Author + information
- Pınar Türker Bayır1,
- Burcu Demirkan2,
- Ömer Bayır3,
- Serkan Duyuler4,
- Hikmet Fırat5,
- Ümit Güray2 and
- Emel Cadallı Tatar3
Obstructive sleep apnea (OSA) is a common medical condition that is affecting approximately 5% to 15% of the population. Atrial fibrillation (AF) is the most common arrhythmia encountered in clinical practice. OSA has been shown to be associated with AF. Electrophysiological and electromechanical abnormalities resulting from intra and interatrial conduction disorders present a high risk as regards the generation of AF. Nasal continuous positive airway pressure (CPAP) is an effective and widely used method in the treatment of OSA. The purpose of the present study is to evaluate the short-term effects of nasal continuous positive airway pressure (CPAP) treatment on atrial electromechanical delay and p wave dispersion (Pd) in patients with obstructive sleep apnea (OSA).
A total of 24 OSA patients diagnosed with polysomnography who were planned to undergo CPAP therapy and 18 healthy subjects were included in the study. The basal intra and interatrial electromechanic delays prior to onset of the therapy were measured using Tissue Doppler Imaging (TDI). Pd was calculated on the basis of 12-lead ECG. In order to evaluate the effects of CPAP therapy, the patients underwent a re-evaluation on the basis of TDIs and 12-lead ECGs 6 months after the initiation of the therapy.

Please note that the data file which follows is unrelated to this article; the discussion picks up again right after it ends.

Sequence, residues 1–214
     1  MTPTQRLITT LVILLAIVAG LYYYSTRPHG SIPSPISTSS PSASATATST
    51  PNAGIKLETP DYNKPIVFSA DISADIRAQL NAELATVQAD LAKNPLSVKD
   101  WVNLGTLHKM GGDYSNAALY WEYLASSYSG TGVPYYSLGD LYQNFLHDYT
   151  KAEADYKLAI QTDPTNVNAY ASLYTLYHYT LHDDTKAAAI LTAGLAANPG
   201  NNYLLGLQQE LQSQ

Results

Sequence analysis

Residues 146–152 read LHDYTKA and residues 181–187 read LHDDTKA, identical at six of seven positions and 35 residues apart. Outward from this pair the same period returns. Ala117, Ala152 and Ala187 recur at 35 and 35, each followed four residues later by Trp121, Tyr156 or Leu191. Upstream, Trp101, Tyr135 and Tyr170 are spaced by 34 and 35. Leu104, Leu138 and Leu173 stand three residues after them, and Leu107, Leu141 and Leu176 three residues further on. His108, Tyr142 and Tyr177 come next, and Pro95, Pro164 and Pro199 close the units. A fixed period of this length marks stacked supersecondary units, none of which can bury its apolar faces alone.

Interatrial, left intraatrial and right intraatrial electromechanical delays prior to the therapy were found to be significantly greater in OSA group compared with the therapy group (39.2±8 vs. 21.1±2.8, p<0,001; 20.5±7.2 vs. 11.1±2, p=0,003; 20.7±11 vs. 10±2.6, p<0,001, respectively). Pd was found to be increased in OSA group compared with the healthy controls (44±7 ms vs. 28.5±4 ms, p<0,001). Compared with the basal values, interatrial, left intraatrial and right intraatrial electromechanical delays measured with TDI during the re-evaluation 6 months after the CPAP therapy were found to decrease (39.2±8 vs. 28.7±6.5 p<0,001; 20.5±7.2 vs. 15.6 ±5.1, p<0,002; 20.7±11 vs. 13.1±7.3, p<0.001, respectively). Such decreases were also valid for the post-therapy Pd values, compared with the basal values (44±7 ms vs. 37±7, p<0.001).
CPAP therapy decreases the likelihood of AF generation by improving the electromechanical delay and P wave dispersion in patients with OSA.